In a society driven by instant gratification and shortened attention spans, it is no wonder we live the chaotic lives that we do. Meet reality TV, all the time, in real time: Welcome to the 21st Century on social steroids!
It’s been said that too much of a good thing might not always be good for an individual. For millions, however, mammoth social media sites have become the proverbial looking glass into our own “reality TV” social mini-shows. 845+ Facebook million users, 90 million Google+ users and 107 million U.S. Twitter users (among several others) love, love, love to socialize, download apps, play games, debate politics and even hold online engagements! These reality-based, in-your-face, online, all-the-time networks are the next best alternative — if not THE best, alternative to real life. In fact, social media and reality TV mirror one another in several ways. So much so, that Court TV made the move to “TRU TV” to place an emphasis on the legitimacy of its cable-based show series’. That’s the funny part. We are all seeking an escape into our own alter-egos that we diminish the value of truth. Social media has become the bully pulpit of our sense of self-esteem and the sometimes polar opposites of who we truly are.
Egocentricity. Sigmund Freud was definitely onto something when he discussed the Ego, the Id and the Superego. I do not think he ever envisioned a society so self-centric and enamored by flighty and surrealistic realities in the modern world. In essence, the combination of Reality TV (over 200 of them) and social media networks gave rise to the egoistic monster not just in man, but in society as a whole. Is it that we want a bite of that big apple and have our 15 minutes of fame; or is it more than just that? Is it the fact that many grew up as latch-key kids – deprived (or believed to have been deprived) of nurturing and a fairytale upbringing that in the real world, does not and has not ever existed?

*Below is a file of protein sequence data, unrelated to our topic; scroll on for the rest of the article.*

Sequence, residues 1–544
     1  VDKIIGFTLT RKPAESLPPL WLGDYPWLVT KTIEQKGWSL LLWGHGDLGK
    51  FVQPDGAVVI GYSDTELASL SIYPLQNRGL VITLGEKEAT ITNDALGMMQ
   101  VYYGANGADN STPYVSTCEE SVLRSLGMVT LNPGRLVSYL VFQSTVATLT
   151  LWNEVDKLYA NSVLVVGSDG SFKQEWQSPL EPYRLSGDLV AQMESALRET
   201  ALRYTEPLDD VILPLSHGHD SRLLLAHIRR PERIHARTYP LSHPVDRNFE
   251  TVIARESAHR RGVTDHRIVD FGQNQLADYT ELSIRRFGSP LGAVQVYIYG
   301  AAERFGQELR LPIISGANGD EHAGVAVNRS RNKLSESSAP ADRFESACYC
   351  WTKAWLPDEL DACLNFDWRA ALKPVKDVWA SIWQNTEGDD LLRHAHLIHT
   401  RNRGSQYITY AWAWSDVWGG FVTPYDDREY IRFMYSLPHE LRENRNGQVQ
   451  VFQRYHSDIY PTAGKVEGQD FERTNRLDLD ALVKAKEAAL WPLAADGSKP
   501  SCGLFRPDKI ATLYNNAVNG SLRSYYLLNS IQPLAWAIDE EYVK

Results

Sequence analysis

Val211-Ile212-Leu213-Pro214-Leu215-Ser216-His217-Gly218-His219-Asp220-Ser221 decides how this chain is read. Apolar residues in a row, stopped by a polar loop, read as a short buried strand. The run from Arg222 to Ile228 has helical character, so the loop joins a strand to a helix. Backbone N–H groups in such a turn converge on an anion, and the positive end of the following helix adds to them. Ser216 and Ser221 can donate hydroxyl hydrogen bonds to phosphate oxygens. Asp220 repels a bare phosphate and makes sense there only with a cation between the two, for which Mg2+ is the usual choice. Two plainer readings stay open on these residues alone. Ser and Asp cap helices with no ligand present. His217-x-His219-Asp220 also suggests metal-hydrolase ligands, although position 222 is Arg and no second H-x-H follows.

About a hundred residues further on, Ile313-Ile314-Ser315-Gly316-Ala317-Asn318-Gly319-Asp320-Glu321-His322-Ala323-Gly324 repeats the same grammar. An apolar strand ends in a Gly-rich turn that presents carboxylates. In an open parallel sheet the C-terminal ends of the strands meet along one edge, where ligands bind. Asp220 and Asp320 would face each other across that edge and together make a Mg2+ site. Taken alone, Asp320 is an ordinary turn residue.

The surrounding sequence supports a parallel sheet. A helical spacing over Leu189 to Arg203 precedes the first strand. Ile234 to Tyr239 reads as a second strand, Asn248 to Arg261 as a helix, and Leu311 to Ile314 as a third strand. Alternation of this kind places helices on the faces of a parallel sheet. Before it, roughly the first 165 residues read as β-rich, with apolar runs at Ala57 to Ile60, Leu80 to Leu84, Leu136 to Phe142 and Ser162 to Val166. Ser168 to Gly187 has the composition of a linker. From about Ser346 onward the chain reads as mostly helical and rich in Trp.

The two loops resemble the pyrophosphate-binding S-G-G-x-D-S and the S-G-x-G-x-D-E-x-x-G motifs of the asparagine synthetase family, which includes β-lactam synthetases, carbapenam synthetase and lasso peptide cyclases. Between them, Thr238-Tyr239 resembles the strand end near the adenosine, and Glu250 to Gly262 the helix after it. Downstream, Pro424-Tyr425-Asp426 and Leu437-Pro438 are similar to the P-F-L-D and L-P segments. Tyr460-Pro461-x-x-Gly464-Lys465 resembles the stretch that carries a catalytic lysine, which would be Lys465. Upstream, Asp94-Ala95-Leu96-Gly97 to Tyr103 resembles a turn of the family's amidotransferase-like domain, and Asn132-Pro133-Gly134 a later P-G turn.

The End Result. In contrast, life appeared to have been much simpler half a century ago. It’s an old cliché, but when you turned on the black and white television, the President was on all three channels. You had to watch every news report because you didn’t have 500 satellite or cable channels from which to select like you do now. Simpler translates into a philosophy that you had to actually work to achieve things, go out and meet people if you wanted to make friends (or make a love connection), and pay attention to the factual news because it could and would affect your lives.
Today, Internet advertising is just as fundamental as television and radio. If you visit YouTube regularly, note that each video is introduced with either some political advert or corporate fluff and stuff that’s guaranteed to fix what ails you or snags your attention for the latest junk food, among other “fillers”. And of course, like the abovementioned social media adversaries, YouTube promises an engaging and entertaining platform that begs the Ego to jump onboard for a free thrill. But freedom to feed your ego has its price. Those who play the part on the social media stage (and the Reality TV stage), often become the puppet to the ego. Human addiction to the constant stream of endless threads drives sales, drives advertisements, and consequently, drives sensationalism in the worst degree.
There are many pros to social media as it has ushered in an age of social justice in several regions around the world. It has given birth to communications between people of all nationalities, races, religions, ages and creeds. To many, it has become a passageway to careers, friendships, partnerships and even love. But it is what it is. Just like any other multimedia platform, social media can be a splendorous and useful thing. As a precaution, however, never become a slave to your ego or the social media channels that drive it. Freedom of thought and logic is priceless. It should never be replaced by a reality that does not exist.
2012: Do we rule social media, or does it rule us?
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